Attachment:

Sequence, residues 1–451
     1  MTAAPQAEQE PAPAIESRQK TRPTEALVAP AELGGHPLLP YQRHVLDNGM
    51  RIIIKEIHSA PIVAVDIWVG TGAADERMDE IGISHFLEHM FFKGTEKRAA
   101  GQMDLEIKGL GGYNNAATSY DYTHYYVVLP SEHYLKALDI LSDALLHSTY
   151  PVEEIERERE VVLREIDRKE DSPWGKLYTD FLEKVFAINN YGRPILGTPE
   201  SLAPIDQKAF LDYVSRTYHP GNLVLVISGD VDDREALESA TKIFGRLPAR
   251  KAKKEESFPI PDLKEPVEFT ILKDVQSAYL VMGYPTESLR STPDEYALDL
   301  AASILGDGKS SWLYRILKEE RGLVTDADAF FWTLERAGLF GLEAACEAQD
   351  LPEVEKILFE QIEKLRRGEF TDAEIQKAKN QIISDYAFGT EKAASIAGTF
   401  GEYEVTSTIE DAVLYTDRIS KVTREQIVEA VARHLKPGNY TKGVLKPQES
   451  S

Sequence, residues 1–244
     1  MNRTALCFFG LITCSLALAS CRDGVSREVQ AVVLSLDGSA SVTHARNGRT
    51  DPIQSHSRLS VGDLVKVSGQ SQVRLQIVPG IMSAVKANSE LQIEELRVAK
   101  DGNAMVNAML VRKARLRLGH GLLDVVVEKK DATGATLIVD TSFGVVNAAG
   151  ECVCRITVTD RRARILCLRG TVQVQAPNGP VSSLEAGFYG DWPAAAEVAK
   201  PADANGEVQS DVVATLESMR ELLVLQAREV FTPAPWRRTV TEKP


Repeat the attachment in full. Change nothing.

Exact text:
Sequence, residues 1–451
     1  MTAAPQAEQE PAPAIESRQK TRPTEALVAP AELGGHPLLP YQRHVLDNGM
    51  RIIIKEIHSA PIVAVDIWVG TGAADERMDE IGISHFLEHM FFKGTEKRAA
   101  GQMDLEIKGL GGYNNAATSY DYTHYYVVLP SEHYLKALDI LSDALLHSTY
   151  PVEEIERERE VVLREIDRKE DSPWGKLYTD FLEKVFAINN YGRPILGTPE
   201  SLAPIDQKAF LDYVSRTYHP GNLVLVISGD VDDREALESA TKIFGRLPAR
   251  KAKKEESFPI PDLKEPVEFT ILKDVQSAYL VMGYPTESLR STPDEYALDL
   301  AASILGDGKS SWLYRILKEE RGLVTDADAF FWTLERAGLF GLEAACEAQD
   351  LPEVEKILFE QIEKLRRGEF TDAEIQKAKN QIISDYAFGT EKAASIAGTF
   401  GEYEVTSTIE DAVLYTDRIS KVTREQIVEA VARHLKPGNY TKGVLKPQES
   451  S

Sequence, residues 1–244
     1  MNRTALCFFG LITCSLALAS CRDGVSREVQ AVVLSLDGSA SVTHARNGRT
    51  DPIQSHSRLS VGDLVKVSGQ SQVRLQIVPG IMSAVKANSE LQIEELRVAK
   101  DGNAMVNAML VRKARLRLGH GLLDVVVEKK DATGATLIVD TSFGVVNAAG
   151  ECVCRITVTD RRARILCLRG TVQVQAPNGP VSSLEAGFYG DWPAAAEVAK
   201  PADANGEVQS DVVATLESMR ELLVLQAREV FTPAPWRRTV TEKP